How Four Decades of Rivalry between Iran and Saudi Arabia Have Shaped the Modern Middle East

In a television appearance last month, Saudi Arabia’s Crown Prince Mohammad bin Salman stated his desire “to have good relations” with the Islamic Republic of Iran—a major rhetorical reversal from his attitude over the past several years. This declaration is one of a few recent, ambiguous signs of a possible détente in the conflict that has been more central to Middle Eastern geopolitics in the past half century than that between Israel and the Palestinians. In conversation with Russell Berman, Kim Ghattas explains the rivalry between Tehran and Riyadh from its origins in the annus horribilis of 1979 to the present, and its role in the rise of jihadist terrorism from Lebanon to Pakistan. (Audio, 54 minutes.)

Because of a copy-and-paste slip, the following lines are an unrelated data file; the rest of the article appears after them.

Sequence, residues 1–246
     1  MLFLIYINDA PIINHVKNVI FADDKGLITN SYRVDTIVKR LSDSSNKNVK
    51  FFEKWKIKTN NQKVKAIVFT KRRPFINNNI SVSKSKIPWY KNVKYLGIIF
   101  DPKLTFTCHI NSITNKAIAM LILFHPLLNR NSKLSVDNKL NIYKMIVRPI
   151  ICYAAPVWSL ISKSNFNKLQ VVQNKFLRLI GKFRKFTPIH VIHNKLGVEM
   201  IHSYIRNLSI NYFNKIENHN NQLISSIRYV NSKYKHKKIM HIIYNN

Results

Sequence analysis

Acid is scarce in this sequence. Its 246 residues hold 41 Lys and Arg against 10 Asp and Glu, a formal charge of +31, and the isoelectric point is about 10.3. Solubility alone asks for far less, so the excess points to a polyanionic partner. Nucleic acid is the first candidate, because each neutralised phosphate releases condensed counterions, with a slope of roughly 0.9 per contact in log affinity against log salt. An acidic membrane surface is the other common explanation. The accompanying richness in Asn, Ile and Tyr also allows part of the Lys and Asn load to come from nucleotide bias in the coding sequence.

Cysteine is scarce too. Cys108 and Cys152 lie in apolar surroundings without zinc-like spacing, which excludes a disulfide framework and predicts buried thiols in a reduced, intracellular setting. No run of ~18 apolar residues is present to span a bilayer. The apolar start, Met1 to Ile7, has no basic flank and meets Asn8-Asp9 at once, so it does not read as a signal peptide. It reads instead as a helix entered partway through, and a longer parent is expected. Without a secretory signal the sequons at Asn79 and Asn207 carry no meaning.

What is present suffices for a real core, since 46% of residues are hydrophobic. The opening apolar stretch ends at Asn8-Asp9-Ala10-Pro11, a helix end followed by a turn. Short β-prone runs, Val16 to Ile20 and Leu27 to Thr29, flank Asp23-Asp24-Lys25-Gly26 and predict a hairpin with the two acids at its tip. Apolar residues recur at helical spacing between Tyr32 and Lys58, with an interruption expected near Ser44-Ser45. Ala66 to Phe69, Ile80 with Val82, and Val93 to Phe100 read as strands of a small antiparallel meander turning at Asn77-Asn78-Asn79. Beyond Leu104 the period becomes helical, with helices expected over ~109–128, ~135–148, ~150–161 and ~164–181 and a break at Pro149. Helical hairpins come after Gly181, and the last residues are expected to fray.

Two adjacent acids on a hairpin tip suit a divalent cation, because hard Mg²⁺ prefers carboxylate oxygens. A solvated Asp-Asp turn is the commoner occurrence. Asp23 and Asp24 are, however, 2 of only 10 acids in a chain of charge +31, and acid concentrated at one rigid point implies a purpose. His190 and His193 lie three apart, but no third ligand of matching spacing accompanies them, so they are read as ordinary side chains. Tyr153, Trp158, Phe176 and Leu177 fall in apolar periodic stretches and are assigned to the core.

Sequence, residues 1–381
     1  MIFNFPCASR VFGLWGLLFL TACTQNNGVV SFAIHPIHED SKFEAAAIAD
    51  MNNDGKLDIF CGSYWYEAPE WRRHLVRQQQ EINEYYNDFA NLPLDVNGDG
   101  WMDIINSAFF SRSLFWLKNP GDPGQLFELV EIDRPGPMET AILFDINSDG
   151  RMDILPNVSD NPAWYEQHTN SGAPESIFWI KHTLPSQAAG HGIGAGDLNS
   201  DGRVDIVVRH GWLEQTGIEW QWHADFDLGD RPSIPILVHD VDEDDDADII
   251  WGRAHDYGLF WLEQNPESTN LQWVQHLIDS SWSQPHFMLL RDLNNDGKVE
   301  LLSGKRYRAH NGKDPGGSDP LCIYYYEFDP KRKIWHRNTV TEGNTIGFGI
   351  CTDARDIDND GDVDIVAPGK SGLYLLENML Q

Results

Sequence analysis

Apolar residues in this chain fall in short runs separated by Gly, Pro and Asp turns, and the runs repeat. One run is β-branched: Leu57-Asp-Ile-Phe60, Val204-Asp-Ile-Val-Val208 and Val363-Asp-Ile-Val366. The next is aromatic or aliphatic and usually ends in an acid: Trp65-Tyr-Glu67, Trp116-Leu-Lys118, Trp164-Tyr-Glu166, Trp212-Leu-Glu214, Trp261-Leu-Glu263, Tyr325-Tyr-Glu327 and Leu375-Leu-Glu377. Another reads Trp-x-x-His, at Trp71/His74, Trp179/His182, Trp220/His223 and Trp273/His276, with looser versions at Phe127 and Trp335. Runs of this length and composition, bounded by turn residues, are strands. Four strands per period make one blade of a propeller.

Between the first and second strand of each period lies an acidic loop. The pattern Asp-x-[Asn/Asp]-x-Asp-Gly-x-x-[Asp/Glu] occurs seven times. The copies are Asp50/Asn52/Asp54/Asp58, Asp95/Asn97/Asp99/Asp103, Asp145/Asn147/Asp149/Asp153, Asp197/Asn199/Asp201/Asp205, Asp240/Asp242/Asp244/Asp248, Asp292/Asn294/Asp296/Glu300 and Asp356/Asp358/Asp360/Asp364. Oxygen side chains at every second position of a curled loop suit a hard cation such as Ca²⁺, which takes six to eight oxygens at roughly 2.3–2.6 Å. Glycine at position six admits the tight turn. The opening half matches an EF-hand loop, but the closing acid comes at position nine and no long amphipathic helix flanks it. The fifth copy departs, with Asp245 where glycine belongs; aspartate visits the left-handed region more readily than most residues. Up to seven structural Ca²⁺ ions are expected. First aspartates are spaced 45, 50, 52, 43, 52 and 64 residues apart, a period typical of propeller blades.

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Read more at Caravan

More about: Iran, Middle East, Radical Islam, Saudi Arabia

How Princeton Abandoned a Graduate Student Held Hostage by Iran

Jan. 25 2022

In 2016, Xiyue Wang, an American citizen and a PhD candidate at Princeton University, traveled to Tehran to improve his Persian, and to conduct archival research on the governance of border provinces in the 19th and early 20th centuries. A few months later he was arrested and sent to the Evin prison, where he was held for 40 months, most of which he spent in solitary confinement. He emerged thoroughly disabused of his former faith in the possibility of U.S conciliation with the Islam Republic. He had a similar change in attitude toward his university. Peter Theroux writes:

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Read more at Tablet

More about: Academia, Iran